Tag Archives: Spam

Spam This Post – It’s Protected By Cleantalk

Spam is one of those things on the web that no matter what, you can’t really escape from it.  I’ve been posting stuff on the web for years, helped moderate a number of forums etc and always Spam is a problem.

Chicken Spam

I have this WordPress site you’re reading this post on, and two Drupal sites that I maintain.  One of those Drupal sites I do my very best to keep it out of Google, it’s just a personal blog with information only I and maybe my family care about.  So it’s got a robots.txt on it and a number of HTTP Headers that are designed to stop it getting any traffic.

Still it gets Spam.  I’ve been writing and posting in that Diary for over 20 years now, so it’s been around a while.  For ages I just deleted Spam as it came in, there was only one or two posts a month if even that.  Then just as it started to get really bad, along came Mollom.  Mollom was a great web service that you just plugged in your Drupal instance and it would flag any new content as either Good, Bad or “Maybe”.  Anything Maybe you had to manually review to ensure you weren’t hiding good content.  Mollom was an excellent free service, but after many years Acquia decided that it wasn’t a Core Product and terminated it.  There’s a great blog post by Dries talking about it and its eventual demise.

The sad, dead Mollom Drupal Plugin

Once it died, neither of my Drupal sites were Spam protected anymore and of course the Spam rolled in.  I tried a few different things in that timeframe, mostly either “Anti-Bot” type plugins, or Captchas.  Captcha seemed like the best solution, but I hated that on this very wordpress blog, whenever I went to login to the Admin panel I would be greeted with a picture where I had to click traffic lights and all that nonsense.  And so I moved to hCaptcha and it seemd to be a bit better, but then once again the Spam started rolling in.  Not really a surprise when you realise there’s plenty of Captcha Solving Services available.  I guess it’s profitable to pay the small fee to be able to post Spam.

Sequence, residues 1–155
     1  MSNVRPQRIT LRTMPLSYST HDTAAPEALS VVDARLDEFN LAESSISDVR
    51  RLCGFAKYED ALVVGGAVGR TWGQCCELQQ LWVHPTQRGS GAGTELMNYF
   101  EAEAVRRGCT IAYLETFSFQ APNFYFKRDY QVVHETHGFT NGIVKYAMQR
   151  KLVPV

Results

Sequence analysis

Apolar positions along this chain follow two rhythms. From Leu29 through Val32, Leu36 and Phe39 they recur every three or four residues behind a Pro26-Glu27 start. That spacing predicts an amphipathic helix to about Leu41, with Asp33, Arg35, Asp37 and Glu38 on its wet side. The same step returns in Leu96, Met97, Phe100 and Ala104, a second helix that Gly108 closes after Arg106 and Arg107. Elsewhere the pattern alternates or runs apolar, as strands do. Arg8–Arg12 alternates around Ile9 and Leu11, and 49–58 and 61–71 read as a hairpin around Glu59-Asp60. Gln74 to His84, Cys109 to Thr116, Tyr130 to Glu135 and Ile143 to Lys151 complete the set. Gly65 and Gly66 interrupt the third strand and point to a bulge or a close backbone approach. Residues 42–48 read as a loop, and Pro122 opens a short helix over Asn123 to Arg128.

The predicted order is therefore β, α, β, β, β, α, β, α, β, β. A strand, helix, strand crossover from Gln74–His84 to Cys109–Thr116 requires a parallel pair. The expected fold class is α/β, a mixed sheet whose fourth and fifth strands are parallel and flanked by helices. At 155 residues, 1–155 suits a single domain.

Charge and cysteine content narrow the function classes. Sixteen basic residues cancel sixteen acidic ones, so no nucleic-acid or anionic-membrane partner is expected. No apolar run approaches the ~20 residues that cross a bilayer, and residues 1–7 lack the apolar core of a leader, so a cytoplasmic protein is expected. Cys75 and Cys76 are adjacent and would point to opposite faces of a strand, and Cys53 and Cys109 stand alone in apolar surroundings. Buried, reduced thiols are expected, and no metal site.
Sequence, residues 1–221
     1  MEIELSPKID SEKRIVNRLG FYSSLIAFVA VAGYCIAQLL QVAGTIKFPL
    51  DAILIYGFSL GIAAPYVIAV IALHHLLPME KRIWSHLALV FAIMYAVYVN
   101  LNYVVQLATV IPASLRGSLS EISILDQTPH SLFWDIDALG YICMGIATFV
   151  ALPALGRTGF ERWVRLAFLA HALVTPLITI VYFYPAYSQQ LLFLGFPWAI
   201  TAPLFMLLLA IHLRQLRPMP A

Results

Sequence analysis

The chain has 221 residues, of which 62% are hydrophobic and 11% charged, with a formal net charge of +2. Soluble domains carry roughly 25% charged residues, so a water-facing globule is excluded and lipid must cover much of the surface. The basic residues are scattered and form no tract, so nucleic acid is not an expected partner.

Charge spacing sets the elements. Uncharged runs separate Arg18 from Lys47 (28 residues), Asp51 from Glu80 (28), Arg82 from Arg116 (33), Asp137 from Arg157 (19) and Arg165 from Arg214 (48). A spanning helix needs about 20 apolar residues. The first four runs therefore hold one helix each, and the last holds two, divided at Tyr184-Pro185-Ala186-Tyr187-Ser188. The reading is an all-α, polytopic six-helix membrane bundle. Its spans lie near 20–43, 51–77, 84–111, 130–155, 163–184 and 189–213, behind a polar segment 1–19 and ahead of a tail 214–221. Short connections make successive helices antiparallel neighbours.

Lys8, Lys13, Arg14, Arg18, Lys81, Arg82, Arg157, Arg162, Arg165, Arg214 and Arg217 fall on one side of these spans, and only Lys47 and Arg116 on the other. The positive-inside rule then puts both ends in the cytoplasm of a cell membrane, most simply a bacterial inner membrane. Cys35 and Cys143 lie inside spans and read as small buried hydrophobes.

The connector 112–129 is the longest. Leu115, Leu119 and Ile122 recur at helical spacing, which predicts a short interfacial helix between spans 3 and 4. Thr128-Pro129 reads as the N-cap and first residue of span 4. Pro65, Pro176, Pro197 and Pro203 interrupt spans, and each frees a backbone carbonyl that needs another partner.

Ugh! So again I was back to square one, and even for a time turned off comments on the popular posts on this site that were getting spam.  Then I got annoyed and went hunting for a solution and that’s when I discovered Cleantalk.

The first thing I was impressed with is there’s a plugin for both WordPress AND Drupal.  With WordPress being the primary blogging platform a lot of people use, I was glad to see Drupal (Which I think is superior myself, but they serve different audiences) hadn’t been forgotten about.

The WordPress Plugin is super easy:

Cleantalk WordPress Plugin

You install it, paste in your key provided by the cleantalk website and off you go.  You’re protected from Spam.  You can click on “advanced settings” if really need to tweak some settings when you’re using a WordPress Caching plugin, or some of the e-Commerce modules.  The Cleantalk WordPress module has settings to make sure all different types of WordPress sites are supported out of the box.

Drupal is a similar story:

Drupal Cleantalk Plugin

Again it’s very easy to setup, you put in your API key and tweak a few settings to how you need them for your setup, and away you go.  Your site is protected against Spam!

As I said, I’ve got 3 sites.  2 Drupal and 1 WordPress.  To see the status of your Spam Protection you just log into the Cleantalk Portal and you get a nice simple overview of your sites:

Cleantalk Admin Panel

From there you can see how many Spams were blocked before they were even attempted (SpamFirewall), for those spammers lucky enough to get through the SpamFirewall, how many Approved or Spam comments were processed and dealt with.

The SpamFirewall Logs

The SpamFirewall Logs

I’ve only been using Cleantalk for a couple of weeks thus far, so I don’t have a lot of Approved comments (my blogs aren’t that popular I guess!) but I sure have a lot of blocked spam.  Handbag sales, do I want a video etc.  All blocked.  No longer do I have to keep comments disabled, no longer do I have to delete comments as soon as they’re posted etc.  You can see here the content that Spammers tried to post being denied:

Spam being blocked by Cleantalk